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Hoffmann, R. A wiki for the life sciences where authorship matters. Nature Genetics (2008)

Activity of human dihydrolipoamide dehydrogenase is largely reduced by mutation at isoleucine-51 to alanine.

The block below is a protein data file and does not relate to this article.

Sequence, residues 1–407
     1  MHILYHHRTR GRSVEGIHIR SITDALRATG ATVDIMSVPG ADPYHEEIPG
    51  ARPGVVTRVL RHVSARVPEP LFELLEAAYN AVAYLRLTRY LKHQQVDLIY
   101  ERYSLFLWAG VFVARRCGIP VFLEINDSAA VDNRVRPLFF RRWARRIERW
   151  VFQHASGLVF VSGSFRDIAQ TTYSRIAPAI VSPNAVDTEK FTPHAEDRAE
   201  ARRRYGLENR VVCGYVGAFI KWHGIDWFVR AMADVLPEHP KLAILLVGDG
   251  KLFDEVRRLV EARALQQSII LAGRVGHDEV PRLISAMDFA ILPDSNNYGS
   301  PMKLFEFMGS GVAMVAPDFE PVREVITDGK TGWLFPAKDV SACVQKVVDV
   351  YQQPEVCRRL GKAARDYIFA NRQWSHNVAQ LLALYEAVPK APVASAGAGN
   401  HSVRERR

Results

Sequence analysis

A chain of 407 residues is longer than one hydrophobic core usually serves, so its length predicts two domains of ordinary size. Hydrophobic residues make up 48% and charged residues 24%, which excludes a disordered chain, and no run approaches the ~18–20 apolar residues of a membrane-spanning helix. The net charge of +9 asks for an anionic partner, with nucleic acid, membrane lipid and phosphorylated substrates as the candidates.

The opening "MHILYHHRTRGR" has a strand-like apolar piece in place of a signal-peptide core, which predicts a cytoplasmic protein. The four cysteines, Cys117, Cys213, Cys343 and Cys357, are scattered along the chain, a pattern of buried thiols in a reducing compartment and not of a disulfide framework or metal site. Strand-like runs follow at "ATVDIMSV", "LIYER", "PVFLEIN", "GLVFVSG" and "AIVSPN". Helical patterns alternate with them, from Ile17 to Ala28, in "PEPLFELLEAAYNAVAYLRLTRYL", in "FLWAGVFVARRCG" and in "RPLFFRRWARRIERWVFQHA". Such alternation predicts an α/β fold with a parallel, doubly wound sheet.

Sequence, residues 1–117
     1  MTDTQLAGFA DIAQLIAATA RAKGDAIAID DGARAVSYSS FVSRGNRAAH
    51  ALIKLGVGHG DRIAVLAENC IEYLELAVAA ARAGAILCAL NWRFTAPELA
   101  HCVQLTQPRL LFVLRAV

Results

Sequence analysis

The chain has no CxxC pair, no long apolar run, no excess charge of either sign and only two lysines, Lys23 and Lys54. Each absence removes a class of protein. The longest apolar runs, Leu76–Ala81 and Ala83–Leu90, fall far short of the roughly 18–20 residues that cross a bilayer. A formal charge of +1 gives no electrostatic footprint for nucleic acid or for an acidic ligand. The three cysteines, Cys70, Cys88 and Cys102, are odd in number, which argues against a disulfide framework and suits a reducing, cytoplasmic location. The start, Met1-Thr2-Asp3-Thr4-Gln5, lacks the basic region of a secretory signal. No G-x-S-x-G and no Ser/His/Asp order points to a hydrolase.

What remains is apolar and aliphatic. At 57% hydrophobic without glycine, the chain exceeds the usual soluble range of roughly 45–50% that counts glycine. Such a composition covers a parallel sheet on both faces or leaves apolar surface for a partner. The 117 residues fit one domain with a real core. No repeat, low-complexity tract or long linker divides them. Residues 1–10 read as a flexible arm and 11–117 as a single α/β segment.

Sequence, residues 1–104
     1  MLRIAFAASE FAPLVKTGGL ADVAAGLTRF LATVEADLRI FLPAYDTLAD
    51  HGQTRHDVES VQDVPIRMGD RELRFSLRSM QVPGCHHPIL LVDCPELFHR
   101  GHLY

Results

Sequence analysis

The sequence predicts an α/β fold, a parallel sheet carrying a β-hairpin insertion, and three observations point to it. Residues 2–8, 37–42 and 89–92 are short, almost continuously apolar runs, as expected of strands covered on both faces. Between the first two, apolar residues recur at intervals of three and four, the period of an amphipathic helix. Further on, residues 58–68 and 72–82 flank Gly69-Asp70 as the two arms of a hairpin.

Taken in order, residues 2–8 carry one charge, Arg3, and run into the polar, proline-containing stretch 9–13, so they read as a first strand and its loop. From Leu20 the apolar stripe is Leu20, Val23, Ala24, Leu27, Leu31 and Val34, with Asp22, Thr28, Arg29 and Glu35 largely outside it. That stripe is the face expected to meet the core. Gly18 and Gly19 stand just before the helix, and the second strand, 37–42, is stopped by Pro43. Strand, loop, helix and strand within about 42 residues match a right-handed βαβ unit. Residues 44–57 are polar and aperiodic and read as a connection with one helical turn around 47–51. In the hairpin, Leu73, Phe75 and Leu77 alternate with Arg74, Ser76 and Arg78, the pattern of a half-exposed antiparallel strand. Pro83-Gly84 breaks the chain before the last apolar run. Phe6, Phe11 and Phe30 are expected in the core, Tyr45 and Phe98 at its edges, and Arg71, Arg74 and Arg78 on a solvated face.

Dihydrolipoamide dehydrogenase ( E3) belongs to the pyridine nucleotide-disulfide oxidoreductase family including glutathione reductase and thioredoxin reductase. It catalyzes the reoxidation of dihydrolipoyl moiety of the acyltransferase components of three alpha-keto acid dehydrogenase complexes and of the hydrogen-carrier protein of the glycine cleavage system. Isoleucine-51 of human E3, located near the active disulfide center Cys residues, is highly conserved in most E3s from several sources. To examine the importance of this highly conserved Ile-51 in human E3 function, it was substituted with Ala using site-directed mutagenesis. The mutant was expressed in Escherichia coli and highly purified using an affinity column. Its E3 activity was decreased about 100-fold, indicating that the conservation of the Ile-51 residue in human E3 was very important to the efficient catalytic function of the enzyme. Its altered spectroscopic properties implied that conformational changes could occur in the mutant.[1]


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